the most skilled artisans, the best farmers, and the most refined, polished, and learned
people in the country.
At the time of their banishment Granada produced the finest cloths—of wool, silk,
and linen—that were made in Spain; highly-tempered steel; perfect work in leather,
bronze, and copper; elegant designs in embroidery and tracery; and at the same time the
farmers of the vega had brought to such perfection the science of fertilizing land, and of
developing the uses of water, that their performance has not been surpassed, if it has
been equaled, to-day.
At this same time the Christians of Spain, with the exception of those who had learned
from the Moors, were unable to make a fine sword-blade, or a rich silk, or a glowing dye,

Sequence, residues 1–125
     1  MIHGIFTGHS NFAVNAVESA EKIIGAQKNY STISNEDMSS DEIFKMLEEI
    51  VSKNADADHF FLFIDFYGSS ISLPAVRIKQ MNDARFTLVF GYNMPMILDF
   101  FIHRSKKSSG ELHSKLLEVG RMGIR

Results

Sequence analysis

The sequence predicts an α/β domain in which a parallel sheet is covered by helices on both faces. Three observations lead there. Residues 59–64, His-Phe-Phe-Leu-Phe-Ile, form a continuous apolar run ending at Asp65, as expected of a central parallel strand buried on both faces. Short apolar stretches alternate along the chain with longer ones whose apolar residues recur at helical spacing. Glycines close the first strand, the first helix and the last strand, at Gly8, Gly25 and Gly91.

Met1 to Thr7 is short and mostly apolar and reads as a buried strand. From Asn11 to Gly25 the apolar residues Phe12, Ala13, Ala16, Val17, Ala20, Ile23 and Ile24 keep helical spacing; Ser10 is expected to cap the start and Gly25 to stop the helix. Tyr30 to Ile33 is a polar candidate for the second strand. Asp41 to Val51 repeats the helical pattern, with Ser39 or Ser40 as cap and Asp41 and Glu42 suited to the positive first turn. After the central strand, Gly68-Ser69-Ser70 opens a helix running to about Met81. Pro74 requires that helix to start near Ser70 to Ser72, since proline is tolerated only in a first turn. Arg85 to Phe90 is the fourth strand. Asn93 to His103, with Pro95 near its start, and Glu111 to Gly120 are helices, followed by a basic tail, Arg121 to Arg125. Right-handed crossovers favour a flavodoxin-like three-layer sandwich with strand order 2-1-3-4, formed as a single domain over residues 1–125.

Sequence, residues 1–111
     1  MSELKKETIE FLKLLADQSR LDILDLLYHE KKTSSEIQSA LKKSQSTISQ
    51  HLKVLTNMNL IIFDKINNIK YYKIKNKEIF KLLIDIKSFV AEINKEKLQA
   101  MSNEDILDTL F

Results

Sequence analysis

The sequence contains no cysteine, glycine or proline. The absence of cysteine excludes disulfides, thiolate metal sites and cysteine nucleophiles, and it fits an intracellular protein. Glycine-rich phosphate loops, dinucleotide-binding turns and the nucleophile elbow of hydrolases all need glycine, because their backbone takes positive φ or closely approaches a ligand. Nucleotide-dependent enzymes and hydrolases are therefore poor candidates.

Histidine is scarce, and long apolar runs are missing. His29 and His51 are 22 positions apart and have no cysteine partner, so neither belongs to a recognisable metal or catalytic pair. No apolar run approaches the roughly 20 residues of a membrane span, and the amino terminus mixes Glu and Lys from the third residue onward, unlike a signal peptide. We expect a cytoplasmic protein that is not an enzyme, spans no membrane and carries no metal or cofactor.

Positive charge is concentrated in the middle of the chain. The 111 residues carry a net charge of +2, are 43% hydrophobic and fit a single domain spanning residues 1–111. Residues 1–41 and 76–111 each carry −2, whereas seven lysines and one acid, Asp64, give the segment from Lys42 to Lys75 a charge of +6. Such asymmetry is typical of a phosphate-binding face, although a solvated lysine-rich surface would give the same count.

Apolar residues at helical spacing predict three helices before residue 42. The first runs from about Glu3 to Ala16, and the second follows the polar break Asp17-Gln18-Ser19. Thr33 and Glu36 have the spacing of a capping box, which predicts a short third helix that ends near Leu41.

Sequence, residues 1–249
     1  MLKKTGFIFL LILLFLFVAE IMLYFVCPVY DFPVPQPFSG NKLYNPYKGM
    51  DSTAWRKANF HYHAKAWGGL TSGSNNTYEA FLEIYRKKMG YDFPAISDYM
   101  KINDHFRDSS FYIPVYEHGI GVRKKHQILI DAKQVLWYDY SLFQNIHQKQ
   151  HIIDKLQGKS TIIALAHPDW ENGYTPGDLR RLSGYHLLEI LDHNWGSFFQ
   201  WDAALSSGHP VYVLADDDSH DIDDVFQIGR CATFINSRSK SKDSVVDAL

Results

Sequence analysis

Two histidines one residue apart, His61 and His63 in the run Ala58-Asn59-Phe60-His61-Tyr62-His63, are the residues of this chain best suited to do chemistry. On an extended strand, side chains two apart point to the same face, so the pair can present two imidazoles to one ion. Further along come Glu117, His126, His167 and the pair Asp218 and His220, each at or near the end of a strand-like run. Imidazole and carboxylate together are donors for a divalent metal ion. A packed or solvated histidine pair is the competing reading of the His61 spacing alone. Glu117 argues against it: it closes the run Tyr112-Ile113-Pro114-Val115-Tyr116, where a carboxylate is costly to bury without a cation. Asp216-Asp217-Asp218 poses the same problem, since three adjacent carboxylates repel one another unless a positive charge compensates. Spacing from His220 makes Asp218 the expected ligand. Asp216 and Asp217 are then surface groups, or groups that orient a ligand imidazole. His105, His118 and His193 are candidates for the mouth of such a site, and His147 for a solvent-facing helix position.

or a carved object in metal. Their farming was as rude as that of the Goths. They had a
noble country with a fertile soil and a glorious climate. But they did not know how to
turn either to account; the only occupation of which they really knew anything was
Yet the Moors were turned out for the sake of the Christians. The Cross took the place of
the Crescent. But at the same time ignorance took the place of learning. Deserts gradually
succeeded to smiling cornfields and purple vine-yards. A polite and refined people made
way for a race of stupid peasants, who could neither be taught nor made to work. A people
who were the leaders of civilization were banished from their homes to make room for a
people steeped in sloth and superstition, and who to this day, in the opinion of their
leading men, are unfit to be trusted with self-government.